The Supreme Court while dealing with the issue relating to the construction of the railway overbridges in West Bengal as a part of the Setu Bharatnam project held that the development projects in the country cannot be stalled.

The Court said that the protection of the environment and ecology is important but at the same time, human life is equally important.

The two-Judge Bench comprising Justice B.R. Gavai and Justice Vikram Nath observed, “The contest between development and environmental concerns is ever ongoing. While there is no doubt that ecology and environment need to be protected for the future generations, at the same time, development projects cannot be stalled, which are necessary not only for the economic development of the country, but at times for the safety of the citizens as well. No doubt that the protection of environment and ecology are important. However, at the same time, it cannot be denied that human life is also equally important.”

The Bench further noted that the Calcutta High Court considered all the relevant aspects of the matter by restricting the number of trees to be felled to only 356 and further put the State Government on terms for compensatory afforestation.

Advocate Prashant Bhushan appeared on behalf of the petitioner while Senior Advocate Abhishek Manu Singhvi appeared on behalf of the State of West Bengal.

Brief Facts

The Setu Bharatam project being stayed since the year 2018 post the order passed by the Calcutta High Court wherein cutting down 356 trees was challenged in the Apex Court and in the year 2020, the Supreme Court constituted an expert committee to examine such a matter. The High Court had held that the cutting down of numerous trees was necessary for the purpose of implementing the important public project of constructing the five Railway Over Bridges (ROBs).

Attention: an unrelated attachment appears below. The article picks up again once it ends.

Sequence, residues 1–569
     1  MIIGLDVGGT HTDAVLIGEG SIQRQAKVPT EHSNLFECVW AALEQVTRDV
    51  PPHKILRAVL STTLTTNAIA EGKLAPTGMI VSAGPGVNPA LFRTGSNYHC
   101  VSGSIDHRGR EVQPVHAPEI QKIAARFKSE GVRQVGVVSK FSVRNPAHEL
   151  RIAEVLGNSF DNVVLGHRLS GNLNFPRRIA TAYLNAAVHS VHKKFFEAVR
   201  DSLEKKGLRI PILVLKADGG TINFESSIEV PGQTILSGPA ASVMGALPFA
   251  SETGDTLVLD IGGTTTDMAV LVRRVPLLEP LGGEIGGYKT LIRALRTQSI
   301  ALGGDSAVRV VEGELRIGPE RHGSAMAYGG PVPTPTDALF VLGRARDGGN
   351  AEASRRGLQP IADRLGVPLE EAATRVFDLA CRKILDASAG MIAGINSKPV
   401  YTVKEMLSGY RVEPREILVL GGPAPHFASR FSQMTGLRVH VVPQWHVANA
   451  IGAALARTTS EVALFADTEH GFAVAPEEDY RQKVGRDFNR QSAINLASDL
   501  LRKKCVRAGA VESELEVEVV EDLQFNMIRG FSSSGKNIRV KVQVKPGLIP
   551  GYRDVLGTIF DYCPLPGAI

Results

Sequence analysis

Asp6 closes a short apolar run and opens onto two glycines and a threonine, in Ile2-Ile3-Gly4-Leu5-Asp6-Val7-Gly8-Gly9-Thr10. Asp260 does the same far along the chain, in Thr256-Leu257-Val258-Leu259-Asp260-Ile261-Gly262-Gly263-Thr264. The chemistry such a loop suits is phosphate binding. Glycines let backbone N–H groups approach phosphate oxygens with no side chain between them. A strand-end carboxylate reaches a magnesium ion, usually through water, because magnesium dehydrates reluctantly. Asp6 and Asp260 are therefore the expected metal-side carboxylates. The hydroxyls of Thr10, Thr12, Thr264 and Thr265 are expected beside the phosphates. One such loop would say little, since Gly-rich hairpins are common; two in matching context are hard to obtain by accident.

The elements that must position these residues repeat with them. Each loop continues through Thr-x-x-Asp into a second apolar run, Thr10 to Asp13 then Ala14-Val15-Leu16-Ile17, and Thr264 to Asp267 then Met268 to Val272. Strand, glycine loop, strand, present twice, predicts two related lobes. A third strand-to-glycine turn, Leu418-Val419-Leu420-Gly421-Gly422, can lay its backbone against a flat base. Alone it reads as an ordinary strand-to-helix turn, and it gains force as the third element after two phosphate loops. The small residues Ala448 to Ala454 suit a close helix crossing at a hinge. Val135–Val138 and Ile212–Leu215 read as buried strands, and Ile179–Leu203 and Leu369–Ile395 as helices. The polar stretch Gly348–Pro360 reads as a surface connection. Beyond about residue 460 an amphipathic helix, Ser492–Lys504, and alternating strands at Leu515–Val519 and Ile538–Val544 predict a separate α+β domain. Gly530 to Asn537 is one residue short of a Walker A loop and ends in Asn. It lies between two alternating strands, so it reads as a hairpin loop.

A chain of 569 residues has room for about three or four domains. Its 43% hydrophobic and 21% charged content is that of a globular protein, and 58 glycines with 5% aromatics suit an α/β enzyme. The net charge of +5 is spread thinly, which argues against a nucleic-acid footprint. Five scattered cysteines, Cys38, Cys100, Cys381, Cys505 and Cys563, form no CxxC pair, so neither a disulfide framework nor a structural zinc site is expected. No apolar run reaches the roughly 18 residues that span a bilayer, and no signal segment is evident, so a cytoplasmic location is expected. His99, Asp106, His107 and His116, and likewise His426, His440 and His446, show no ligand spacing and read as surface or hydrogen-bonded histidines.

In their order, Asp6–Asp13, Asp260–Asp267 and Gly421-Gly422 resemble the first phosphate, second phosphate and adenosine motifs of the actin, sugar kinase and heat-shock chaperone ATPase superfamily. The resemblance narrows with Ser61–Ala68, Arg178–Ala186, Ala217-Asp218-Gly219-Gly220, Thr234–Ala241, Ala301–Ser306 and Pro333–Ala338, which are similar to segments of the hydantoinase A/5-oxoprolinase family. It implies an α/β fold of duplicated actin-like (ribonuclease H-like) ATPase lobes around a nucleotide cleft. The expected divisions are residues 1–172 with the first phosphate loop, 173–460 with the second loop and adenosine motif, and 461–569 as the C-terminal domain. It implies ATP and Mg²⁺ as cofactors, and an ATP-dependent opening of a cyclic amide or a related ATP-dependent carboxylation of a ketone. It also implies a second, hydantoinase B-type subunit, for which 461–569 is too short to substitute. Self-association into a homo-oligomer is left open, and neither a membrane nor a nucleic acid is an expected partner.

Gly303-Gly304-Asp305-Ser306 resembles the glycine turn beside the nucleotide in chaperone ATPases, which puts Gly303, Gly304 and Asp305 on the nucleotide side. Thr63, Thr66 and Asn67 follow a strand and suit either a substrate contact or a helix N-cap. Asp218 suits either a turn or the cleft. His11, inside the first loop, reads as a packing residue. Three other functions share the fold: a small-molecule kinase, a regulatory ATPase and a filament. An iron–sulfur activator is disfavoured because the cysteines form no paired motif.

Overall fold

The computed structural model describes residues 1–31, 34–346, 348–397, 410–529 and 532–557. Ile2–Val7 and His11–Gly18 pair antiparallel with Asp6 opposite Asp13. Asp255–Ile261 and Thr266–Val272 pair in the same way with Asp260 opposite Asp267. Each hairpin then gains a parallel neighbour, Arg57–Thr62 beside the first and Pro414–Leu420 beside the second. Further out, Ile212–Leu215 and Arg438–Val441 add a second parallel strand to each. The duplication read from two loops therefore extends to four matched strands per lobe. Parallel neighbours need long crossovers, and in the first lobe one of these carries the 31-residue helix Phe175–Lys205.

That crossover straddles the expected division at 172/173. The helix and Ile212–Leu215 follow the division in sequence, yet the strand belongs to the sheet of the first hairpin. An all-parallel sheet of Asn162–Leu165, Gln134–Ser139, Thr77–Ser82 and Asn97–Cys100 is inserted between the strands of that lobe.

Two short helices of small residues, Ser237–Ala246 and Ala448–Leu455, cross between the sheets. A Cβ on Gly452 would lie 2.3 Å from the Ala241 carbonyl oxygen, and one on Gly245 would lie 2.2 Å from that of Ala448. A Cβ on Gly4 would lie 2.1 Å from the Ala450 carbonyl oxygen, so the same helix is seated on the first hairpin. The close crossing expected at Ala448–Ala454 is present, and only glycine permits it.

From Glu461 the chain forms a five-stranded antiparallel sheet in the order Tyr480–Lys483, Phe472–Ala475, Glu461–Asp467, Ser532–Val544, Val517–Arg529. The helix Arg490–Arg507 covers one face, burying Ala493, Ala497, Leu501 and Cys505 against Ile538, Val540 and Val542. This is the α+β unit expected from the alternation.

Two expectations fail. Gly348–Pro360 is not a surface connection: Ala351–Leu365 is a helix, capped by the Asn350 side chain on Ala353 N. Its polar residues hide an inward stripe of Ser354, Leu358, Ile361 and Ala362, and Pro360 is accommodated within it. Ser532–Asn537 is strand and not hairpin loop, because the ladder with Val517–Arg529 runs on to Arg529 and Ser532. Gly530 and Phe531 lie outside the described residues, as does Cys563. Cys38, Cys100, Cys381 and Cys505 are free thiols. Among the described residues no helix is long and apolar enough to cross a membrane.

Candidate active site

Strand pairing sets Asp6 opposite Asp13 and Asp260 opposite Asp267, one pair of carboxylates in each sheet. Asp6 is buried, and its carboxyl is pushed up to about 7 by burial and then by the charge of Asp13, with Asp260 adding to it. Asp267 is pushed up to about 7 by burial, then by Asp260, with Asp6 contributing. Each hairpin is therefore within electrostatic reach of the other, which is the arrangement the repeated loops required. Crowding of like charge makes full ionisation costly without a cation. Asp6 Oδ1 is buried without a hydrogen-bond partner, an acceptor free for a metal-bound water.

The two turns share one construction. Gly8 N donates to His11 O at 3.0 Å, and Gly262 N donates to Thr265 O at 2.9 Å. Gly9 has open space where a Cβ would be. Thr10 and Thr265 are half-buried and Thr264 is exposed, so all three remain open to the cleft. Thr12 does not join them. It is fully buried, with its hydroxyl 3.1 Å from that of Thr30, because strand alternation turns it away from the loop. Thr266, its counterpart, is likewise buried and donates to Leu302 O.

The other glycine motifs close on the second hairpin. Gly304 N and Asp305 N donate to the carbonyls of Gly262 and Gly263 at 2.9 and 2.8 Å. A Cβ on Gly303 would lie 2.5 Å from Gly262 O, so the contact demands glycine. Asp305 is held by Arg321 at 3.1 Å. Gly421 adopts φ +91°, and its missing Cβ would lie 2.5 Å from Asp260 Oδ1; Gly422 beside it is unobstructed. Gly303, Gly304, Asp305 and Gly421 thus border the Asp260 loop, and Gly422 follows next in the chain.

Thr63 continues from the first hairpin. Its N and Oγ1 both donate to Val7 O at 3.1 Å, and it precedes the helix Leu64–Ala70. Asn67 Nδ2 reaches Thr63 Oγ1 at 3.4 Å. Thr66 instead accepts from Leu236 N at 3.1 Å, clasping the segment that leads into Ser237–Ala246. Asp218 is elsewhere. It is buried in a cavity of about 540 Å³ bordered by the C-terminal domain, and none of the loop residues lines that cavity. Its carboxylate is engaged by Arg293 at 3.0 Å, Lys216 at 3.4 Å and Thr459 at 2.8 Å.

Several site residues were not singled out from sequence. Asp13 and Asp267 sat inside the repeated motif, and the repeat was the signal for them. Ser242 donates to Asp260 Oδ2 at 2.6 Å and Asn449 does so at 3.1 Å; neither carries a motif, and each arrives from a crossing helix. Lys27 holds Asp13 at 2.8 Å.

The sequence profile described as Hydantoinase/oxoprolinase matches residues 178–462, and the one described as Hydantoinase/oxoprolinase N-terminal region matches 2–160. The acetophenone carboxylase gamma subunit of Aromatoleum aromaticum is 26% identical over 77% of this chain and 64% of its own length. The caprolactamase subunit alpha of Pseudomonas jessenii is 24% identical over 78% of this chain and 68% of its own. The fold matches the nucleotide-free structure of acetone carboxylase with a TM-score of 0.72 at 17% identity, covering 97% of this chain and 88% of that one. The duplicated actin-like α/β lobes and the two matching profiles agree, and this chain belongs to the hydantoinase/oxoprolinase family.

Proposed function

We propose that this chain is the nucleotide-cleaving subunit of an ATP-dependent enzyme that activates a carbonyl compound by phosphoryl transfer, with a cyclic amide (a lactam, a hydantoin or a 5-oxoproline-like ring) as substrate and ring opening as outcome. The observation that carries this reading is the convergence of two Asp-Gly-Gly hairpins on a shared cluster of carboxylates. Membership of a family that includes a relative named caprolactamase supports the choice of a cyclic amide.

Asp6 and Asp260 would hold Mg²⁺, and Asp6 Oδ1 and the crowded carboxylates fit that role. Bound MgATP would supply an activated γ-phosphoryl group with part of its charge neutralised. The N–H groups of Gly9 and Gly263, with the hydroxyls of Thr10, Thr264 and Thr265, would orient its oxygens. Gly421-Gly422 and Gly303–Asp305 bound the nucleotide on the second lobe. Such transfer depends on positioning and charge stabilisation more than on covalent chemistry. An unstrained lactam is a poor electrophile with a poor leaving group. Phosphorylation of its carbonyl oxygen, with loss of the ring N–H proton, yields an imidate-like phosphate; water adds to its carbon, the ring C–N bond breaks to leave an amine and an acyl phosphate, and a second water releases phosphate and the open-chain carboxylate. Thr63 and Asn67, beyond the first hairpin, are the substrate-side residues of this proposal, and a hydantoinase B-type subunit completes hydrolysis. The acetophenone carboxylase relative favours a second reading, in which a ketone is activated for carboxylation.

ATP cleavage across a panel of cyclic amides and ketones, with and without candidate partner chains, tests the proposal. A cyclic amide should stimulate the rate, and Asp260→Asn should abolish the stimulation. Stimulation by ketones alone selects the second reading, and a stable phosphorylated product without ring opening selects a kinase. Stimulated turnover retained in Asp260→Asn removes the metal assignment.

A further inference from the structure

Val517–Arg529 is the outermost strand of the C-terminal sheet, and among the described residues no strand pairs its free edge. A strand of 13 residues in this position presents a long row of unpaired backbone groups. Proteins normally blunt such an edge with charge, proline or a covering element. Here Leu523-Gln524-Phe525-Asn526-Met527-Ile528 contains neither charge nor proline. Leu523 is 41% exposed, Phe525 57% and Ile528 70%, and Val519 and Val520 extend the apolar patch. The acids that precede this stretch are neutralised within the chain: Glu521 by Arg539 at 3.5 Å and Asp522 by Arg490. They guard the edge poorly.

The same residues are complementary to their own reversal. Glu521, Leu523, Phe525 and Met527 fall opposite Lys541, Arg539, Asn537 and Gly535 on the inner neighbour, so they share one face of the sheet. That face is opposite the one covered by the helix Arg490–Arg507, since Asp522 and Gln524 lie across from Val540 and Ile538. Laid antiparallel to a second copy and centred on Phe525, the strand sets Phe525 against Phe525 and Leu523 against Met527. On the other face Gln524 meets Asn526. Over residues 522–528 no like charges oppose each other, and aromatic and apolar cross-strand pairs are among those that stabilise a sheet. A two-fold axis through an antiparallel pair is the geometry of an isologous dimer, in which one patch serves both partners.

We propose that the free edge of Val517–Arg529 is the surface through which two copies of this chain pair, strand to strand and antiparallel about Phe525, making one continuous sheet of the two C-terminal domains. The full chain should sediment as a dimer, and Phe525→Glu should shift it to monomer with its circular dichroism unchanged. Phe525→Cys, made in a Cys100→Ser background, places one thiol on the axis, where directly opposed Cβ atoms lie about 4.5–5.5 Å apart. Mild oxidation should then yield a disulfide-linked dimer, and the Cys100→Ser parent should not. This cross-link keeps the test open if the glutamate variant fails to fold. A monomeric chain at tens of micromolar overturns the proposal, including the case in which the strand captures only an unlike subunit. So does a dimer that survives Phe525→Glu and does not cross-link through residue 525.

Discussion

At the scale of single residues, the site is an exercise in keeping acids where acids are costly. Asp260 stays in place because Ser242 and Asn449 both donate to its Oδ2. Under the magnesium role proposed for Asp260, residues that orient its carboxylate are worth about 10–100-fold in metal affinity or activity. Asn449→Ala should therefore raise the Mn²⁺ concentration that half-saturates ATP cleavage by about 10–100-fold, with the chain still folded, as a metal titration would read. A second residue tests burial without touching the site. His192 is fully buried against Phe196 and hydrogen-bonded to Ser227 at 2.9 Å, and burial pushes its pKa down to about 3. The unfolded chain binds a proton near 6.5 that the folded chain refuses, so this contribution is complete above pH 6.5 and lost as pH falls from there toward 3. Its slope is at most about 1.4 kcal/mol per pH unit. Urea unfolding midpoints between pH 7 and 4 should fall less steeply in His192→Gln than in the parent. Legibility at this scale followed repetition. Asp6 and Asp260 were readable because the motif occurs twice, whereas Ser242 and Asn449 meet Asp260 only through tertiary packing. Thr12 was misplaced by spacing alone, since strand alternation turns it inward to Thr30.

The counsel for the petitioner submitted before the Supreme Court that such a project envisaged the felling of thousands of trees, including heritage trees, and hence, such felling should not be permitted. On the other hand, the counsel for the State contended that the project was necessary and also pointed out the fact that more than 600 lives were lost due to railway accidents. It was also argued that the State had undertaken to plant five trees as against the one tree felled as a compensatory measure.

The Supreme Court after hearing the contentions of both the counsel asserted, “It is thus clear that the Committee itself is not sure, as to whether by constructing local overbridges, any of the 306 trees could be saved or not. … On account of non-construction of ROBs, a number of accidents have taken place at Railway Crossings resulting in death of hundreds of human beings. The Report of the Committee itself would show that there is a congestion, on account of which, the construction of the project is necessary. They have given an alternative that instead of ROBs local over bridges can be constructed.”

The Court held that it did not find any error being committed by the High Court and said that it would appreciate if the Central Government holds a joint meeting with all the stakeholders including the representatives of all the State Governments/Union Territories and come out with a unified proposal for consideration of the Court.

However, the Apex Court kept the petition alive to consider the report of the Experts on the subject of compensatory conservation in India.

Accordingly, the Court dismissed the Special Leave Petition.

Cause Title- Association for Protection of Democratic Rights v. State of West Bengal [SLP(C) No. 25047/2018]

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